I like


I like this article quite a bit, but most of all for this observation:

In 1994, Tom Hanks won his second Oscar playing Forrest Gump, a skillful enough but predictable rendition of a marble-mouthed simpleton. He beat Paul Newman, whose performance in Robert Benton's "Nobody's Fool" may be one of the few perfect performances in American screen history.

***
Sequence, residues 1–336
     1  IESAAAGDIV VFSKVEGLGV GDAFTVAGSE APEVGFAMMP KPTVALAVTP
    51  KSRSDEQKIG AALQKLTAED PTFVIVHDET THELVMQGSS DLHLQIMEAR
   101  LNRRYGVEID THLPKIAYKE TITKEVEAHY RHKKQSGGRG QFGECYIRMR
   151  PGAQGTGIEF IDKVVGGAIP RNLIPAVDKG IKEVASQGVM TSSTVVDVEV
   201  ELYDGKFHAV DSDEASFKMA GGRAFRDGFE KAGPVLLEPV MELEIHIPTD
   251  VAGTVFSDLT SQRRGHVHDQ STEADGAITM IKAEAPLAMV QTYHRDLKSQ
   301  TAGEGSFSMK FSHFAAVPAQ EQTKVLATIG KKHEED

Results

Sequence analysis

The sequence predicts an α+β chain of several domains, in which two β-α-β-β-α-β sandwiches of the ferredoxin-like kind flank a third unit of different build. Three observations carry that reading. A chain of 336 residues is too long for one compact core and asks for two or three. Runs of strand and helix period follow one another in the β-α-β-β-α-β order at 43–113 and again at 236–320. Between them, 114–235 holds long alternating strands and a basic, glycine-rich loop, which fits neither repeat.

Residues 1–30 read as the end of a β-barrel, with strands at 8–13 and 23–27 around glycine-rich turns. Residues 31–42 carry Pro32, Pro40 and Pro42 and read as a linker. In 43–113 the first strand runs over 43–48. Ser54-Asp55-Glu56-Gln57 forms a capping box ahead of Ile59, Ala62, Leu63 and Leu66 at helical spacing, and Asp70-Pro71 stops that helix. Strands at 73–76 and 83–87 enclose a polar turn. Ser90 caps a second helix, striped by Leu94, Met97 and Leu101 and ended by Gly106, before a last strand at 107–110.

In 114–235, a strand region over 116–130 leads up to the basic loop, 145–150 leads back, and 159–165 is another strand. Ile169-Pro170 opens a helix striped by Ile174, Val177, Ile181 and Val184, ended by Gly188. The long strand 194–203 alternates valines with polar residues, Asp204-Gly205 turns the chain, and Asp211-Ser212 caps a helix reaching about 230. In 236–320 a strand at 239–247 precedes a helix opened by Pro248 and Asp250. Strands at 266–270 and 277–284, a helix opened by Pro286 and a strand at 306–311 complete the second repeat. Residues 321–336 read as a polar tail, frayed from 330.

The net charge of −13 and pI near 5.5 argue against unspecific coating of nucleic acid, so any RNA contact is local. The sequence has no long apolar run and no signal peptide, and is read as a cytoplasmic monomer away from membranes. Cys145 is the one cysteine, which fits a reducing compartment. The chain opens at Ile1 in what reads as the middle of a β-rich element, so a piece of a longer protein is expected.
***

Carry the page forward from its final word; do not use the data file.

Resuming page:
I have noticed this trend for a number of years - if you play the retarded person, the handicapped person, a member of the opposite sex, or any other person with some kind of obvious eccentricity, you are seemingly automatically nominated for an oscar, and will frequently win. Linda Hunt, Holly Hunter, Dustin Hoffman, Al Pacino, Tom Hanks, etc., come to mind. And I like many of these performances and consider them good enough for accolades, but not enough "normal" portrayals win awards. It is EXTREMELY difficult to act "normal," more so than it is to play someone blind or mute, which can fall into the trap of being "over the top," as this article indicated. Some of the most egregious mistakes in the Oscars have been overlooking Paul Neuman in this instance, Anthony Hopkins in "The Remains of the Day" (he did win for playing a diabolical cannibal, however), Ralph Fiennes in "Schindler's List" (he lost to Tommy Lee Jones!), and Peter Fonda in "Ulee's Gold." Their seemingly simple, but very complex portrayals of their characters in these films sometimes makes my jaw drop in awe. I cry every time I watch the scenes in "The Remains of the Day" when Ms. Kenton approaches Mr. Stephens as he is "caught" reading a romance novel, and when Mr Stephens learns of his father's death. They are so understated that the true pain and emotional turmoil of the character, which are aggressively suppressed, comes out tenfold for me. This is the sign of the true tearjerker for me. Debra Winger dying in "Terms of Endearment" is less emotional than how Shirley McLaine reacts to it afterward - her energy is sapped so greatly that it even effects how she merely stands up. Could it be that it is more emotional powerful to watch an actor who has been sapped of energy, instead of one who overexerts to portray the eccentricities?